We write, as a former President, Professional Secretary, Editor-in-Chief and Editor of Geoscientist, to express our sadness and dismay that this fine magazine is to become a quarterly, with promises of an enhanced online presence.
You attempt to put a brave a face on it, but beyond that – and some questionable greenwash – we detect two real motives: saving money, and stifling dissent. In the right circumstances in these straitened times, we approve of the former, but never the latter!
Geoscientist is unique among learned body magazines in that it belongs to the Fellowship and not ‘the Society’ (whatever THAT is). It owes this ‘Fourth Estate’ status to its history – being formed from the merger of the Society’s anaemic newsletter and the Institution of Geologists’ far superior British Geologist. In the climate of suspicion, fear and loathing that characterised ‘reunification’, members of the Institution (practising geoscientists) were not willing for academics, who then dominated, with steely resolve, the Old Lady of Piccadilly, to hold any editorial sway. It seems hardly coincidental that this present measure is being taken just as the worst fears of our own times are coming true.
We are sure that the new quarterly will be a thing of beauty; but quarterlies cannot be topical. High production values and long intervals lead to blandness and inconsequentiality. One knows there will never be anything piquant in these organs – even in Letters, assuming there are any.
So where will Fellows, in the last resort, go to voice any objections to the way Trustees and staff or others are misconducting the Society’s business? They will go online, we are told. Result! For where is the danger in that? The power of print is that ‘it comes to you’, so you read it. Online letters, as now, hide in plain sight, free for all the world to read if they can be bothered – and cynically put there in the full knowledge that nobody will. They will go as unread in future as they do now, and for the same reason – one that no amount of web design can ever overcome.
Prof. Emeritus Peter Styles, Dr Ted Nield
I am saddened to hear the society is reducing the number of magazine issues per year. From my perspective, all this will mean is that I engage less with the magazine and the Society, as I already receive a torrent of digital communications and offerings – getting the print magazine cuts through this and means I actually read it. A move towards digital provision will result in less of my attention, I’m afraid.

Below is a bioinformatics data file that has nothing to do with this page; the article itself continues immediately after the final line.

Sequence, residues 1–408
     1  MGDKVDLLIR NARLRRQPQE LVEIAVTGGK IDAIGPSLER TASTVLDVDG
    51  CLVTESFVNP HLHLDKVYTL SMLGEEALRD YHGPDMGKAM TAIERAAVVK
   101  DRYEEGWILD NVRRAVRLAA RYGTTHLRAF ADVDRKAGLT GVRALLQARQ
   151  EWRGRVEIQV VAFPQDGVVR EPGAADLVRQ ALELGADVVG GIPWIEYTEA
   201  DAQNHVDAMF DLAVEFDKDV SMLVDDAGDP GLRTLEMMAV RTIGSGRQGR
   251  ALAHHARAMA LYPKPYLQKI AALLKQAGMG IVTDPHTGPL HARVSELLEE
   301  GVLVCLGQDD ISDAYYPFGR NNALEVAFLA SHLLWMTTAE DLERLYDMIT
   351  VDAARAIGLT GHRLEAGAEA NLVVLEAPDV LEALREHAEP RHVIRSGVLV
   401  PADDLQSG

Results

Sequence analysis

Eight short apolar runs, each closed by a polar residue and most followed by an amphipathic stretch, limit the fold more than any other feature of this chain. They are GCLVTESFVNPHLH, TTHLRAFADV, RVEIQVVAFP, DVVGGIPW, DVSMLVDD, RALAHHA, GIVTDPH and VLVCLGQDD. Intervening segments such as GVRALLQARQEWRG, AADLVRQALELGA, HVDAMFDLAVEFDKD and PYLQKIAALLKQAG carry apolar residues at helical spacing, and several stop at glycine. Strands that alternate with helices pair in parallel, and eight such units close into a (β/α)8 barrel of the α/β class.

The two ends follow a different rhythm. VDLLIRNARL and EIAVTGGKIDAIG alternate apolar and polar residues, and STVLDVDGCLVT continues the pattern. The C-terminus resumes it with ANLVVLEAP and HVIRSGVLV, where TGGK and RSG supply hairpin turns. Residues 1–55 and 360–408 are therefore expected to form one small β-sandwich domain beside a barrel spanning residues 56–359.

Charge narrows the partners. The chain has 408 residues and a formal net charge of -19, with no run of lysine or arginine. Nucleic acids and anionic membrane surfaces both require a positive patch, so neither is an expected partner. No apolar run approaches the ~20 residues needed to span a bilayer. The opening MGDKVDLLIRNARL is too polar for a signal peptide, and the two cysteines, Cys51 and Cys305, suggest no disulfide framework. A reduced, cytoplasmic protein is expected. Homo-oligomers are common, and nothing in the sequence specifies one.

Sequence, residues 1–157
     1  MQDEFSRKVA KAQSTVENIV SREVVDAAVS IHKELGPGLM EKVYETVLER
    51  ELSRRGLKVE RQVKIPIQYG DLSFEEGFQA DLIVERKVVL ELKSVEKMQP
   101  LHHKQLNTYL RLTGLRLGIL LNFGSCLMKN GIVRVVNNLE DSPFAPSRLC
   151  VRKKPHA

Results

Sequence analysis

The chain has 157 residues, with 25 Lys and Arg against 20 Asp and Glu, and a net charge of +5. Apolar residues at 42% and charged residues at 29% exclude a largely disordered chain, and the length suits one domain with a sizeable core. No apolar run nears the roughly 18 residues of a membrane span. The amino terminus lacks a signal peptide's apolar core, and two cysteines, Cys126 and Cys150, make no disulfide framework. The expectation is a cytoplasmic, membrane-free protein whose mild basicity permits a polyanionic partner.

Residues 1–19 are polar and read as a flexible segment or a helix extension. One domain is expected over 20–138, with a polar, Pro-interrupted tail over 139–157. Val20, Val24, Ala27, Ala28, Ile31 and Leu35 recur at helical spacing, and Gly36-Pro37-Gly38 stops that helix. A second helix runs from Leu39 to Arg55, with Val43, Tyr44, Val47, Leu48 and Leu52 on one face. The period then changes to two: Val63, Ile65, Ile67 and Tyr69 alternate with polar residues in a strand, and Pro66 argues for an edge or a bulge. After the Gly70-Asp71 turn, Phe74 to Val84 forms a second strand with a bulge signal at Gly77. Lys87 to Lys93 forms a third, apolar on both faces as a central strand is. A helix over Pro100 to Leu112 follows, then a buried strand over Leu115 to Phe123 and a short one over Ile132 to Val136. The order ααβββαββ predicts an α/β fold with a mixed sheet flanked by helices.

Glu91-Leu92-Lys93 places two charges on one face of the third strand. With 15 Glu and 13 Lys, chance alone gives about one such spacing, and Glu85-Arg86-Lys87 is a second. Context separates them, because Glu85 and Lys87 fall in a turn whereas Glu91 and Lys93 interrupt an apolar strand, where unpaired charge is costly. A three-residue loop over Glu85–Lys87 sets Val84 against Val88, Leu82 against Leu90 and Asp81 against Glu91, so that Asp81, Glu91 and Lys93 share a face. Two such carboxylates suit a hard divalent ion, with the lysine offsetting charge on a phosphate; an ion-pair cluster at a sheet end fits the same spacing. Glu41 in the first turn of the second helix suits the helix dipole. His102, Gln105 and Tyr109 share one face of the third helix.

Prof. Andy Fleet, Editor-in-Chief; David Shilston, Deputy Editor-in-Chief; Dr Amy Whitchurch, Editor; Sarah Day, Editor, Geoscientist magazine, write in response:
In making changes to Geoscientist, we are trying to provide the best service to the full spectrum of Fellows that we can, given the resources available to us, and improve how we provide news and debate in exciting, varied and timely ways.
As Peter and Ted highlight, money was a key factor in making the changes. Like all Society activities, Geoscientist has to be affordable, particularly in these difficult times, and staff were tasked with finding ways to become more sustainable. The editorial team drew up a variety of options for the production of Geoscientist. These detailed options were assessed by the Finance and Planning Committee and agreed by Council, which decided on enhanced online presence and quarterly publication. This decision reflected both costs and the best use of the time of the editors and others producing Geoscientist.
Peter and Ted forcefully argue that having letters initially and immediately online will “hide [objections and dissent] in plain sight”. This may be true for some cohorts of Fellows, but others will doubtless be far more at home finding or expressing views online. We hope that putting more resources into timely online news and debate will serve a broad range of the Fellowship and help attract new Fellows.
Geoscientist continues to be ‘by and for the Fellows’ and, as ever, we encourage our community to voice any concerns and share their opinions – email your letters to email@example.com. Indeed, our problems are usually that we do not hear from all sides of a debate, especially those who agree rather than dissent, and in hearing a variety of views rather than the same argument repeated. Dare we end by saying that we have published a fuller response on Geoscientist Online?